Reading articles on the issue of disability hate crime makes some feel uncomfortable. The knowledge that millions remain disenfranchised actually and politically, whilst a centrist Labour party viewed defence of disability benefits, only through the paradigm of political kryptonite, was infuriating.  It was only after Corbyn that this issue was properly addressed. He gave voice to the silenced and it must be said to many Labour Mp’s who were whipped to abstain or voting their conscience and risking career suicide.

The two documentaries last night, didn’t highlight, even with covert cameras that Corbyn is anything other than he seems. No discriminatory unguarded comment, no inappropriate behaviour. However, a man is also judged by the company he keeps and the reputational damage must be addressed by affiliations of extended groups and supporters. If Momentum allow self identifying Trots to speak at events, then the criticism that this is happening is valid. Tom Watson isn’t a liar or a plotter by saying what is true. I feel deceived into believing that this was never true.

Another assurance of a myth that was demonstrably true in both documentaries last night, is the issue of de-selection. This is undemocratic. You can’t claim a broad church and start closing the doors on parishioners who don’t agree with you. Irrespective of what others have done to the hard left within the party, Corbyn’s ticket promises change, difference, equality and fairness. Most of all it promises kindness.

If you’ve been online in recent years, you’ll understand what it is to be a woman on social media with any kind of platform. You’ll know that death and rape threats are common and can be delivered by anyone with a keyboard to any woman with a profile.  Irrespective of how often this issue is highlighted men will still claim that Jeremy Corbyn has received his fair share of abuse. He has many men do. Bullies will target any kind of difference and perceived “weakness” However until all men in positions of power understand the fundamental difference of being a woman online they will never truly be part of the solution.

General remonstrations are not enough. General calls for greater tolerance and calm are not enough. This targeted abuse is highly specific and whether the tinfoil hat of conspiracy theories is obscuring the view, the fact is Jess Phillip and JK Rowling deserve to be able to voice an opinion free from threats of violence. 

Last night when I commented that I liked Peter Kyle, an MP I was unfamiliar with, a Corbyn supporter sent me photographs of dead Syrian Children.

He didn’t know that I was a Corbyn supporter. He’d clearly decided as a Corbyn supporter himself, that I deserved a lesson. He used dead children as propaganda to school me that my opinion needed attention.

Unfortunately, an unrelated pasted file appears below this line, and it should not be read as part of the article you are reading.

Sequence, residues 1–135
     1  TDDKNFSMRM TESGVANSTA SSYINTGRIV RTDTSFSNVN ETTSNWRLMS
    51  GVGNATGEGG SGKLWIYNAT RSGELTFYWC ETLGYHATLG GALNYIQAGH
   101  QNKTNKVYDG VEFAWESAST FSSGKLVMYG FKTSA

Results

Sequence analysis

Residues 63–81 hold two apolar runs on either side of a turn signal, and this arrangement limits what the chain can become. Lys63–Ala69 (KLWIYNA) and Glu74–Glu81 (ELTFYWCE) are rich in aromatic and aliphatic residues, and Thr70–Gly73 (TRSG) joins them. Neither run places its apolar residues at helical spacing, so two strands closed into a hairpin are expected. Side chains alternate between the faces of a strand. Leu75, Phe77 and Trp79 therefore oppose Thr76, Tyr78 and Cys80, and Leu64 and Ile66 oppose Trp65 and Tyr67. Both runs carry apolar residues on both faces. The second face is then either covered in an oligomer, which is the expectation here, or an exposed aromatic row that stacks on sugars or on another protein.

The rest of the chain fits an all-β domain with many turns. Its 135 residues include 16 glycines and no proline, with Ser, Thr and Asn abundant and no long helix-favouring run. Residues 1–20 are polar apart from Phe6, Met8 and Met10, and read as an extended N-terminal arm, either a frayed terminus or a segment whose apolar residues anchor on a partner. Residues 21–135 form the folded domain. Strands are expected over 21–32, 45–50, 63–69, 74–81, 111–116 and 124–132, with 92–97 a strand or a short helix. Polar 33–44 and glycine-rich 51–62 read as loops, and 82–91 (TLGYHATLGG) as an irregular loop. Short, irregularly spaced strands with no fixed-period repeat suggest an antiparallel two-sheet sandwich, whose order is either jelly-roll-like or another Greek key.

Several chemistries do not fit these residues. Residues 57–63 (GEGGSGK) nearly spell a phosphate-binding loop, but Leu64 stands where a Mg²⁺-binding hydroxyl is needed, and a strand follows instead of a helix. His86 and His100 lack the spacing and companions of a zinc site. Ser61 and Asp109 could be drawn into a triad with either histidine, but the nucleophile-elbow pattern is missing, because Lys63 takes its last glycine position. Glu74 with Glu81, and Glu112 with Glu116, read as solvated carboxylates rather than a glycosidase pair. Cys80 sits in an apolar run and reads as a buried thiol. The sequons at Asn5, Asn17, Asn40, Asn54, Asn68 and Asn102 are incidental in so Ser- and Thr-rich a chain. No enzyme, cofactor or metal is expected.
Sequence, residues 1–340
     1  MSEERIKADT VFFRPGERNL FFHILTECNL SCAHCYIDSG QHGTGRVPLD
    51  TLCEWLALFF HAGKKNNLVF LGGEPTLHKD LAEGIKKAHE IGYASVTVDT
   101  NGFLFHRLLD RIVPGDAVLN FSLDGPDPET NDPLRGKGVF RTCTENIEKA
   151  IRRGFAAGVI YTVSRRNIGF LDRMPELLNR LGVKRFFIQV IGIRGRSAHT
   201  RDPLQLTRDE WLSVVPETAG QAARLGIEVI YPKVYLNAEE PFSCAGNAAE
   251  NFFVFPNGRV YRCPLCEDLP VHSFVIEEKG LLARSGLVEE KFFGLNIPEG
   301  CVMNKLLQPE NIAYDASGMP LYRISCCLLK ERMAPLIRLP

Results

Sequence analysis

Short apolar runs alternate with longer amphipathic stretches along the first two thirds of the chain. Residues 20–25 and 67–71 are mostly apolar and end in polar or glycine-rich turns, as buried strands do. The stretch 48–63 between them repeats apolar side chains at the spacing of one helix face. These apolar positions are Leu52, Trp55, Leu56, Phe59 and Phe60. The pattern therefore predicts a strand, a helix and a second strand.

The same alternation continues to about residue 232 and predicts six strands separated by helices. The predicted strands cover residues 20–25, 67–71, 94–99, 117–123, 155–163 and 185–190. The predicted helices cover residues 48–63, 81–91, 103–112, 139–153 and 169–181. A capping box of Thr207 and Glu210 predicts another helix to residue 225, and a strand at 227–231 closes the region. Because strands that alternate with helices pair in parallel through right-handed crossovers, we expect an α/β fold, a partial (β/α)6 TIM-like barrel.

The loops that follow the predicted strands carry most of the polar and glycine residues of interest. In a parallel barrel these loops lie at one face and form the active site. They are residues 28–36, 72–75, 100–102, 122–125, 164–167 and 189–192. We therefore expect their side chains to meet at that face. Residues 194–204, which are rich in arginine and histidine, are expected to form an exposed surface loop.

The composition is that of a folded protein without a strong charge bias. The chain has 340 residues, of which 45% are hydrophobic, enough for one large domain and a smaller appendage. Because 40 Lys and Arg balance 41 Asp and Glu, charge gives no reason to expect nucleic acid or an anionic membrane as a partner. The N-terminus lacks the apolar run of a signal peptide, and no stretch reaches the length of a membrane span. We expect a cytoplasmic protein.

Irrespective of whether Corbyn is aware of these people personally is not the issue. They are acting in his name. He has to address the fact that the tidal wave he’s riding on is made up not of a minority of abusive tweeters but a significant number who believe they have the right to attack anyone they choose in defence of Corbyn. In that respect they remind me of my experiences with Trump supporters online, who deem all criticism of their candidate invalid and any methods they deploy as proportionate.

This is where we are now. The mob rule of law, the decision that unless every syllable written is in slavering support of Corbyn and frothing assault on his critics then retribution will be fast and furious.

John Mcdonnell is quoted as saying “We don’t do leaders” that may or may not be true but now they have attained leadership, that is the job at hand. With rights come responsibilities. Corbyn has the right to assemble an army of supporters, he has a right to speak and to be silent but he has the responsibility of those values he voiced which gained him huge support, to support those now being attacked.

Corbyn needs to stand up to the bullying Tories and the bullies within his own ranks. Cyber bullying is a real issue. Verbal abuse and threats and harassment of women and men online and in life is being enabled by his silence.

People reading my tweets last night predictably decided I was now anti-Corbyn. I’m not,  I’m anti bullying.  This binary notion that “If you don’t love him, you hate him” is best left out of the equation. Sometimes supporters need to voice concern, it’s an act of friendship not an assault.

In response to C4’s Dispatches last night the Momentum twitter feed was cracking jokes and boasting about people joining. Bravado is one thing but it underlined to me that there is a lack of understanding about the seriousness of the damage that the programme did. Not to those so entrenched in fanaticism that they say all is well but to members like me who last night saw the Emporer’s nakedness not Momentum’s invisible clothes.

Corbyn’s strength lies in his own attributes, in his values and in his integrity, he must be careful that the group who support him must not be allowed to consume him.

Many people are relying on him, not to leave them behind.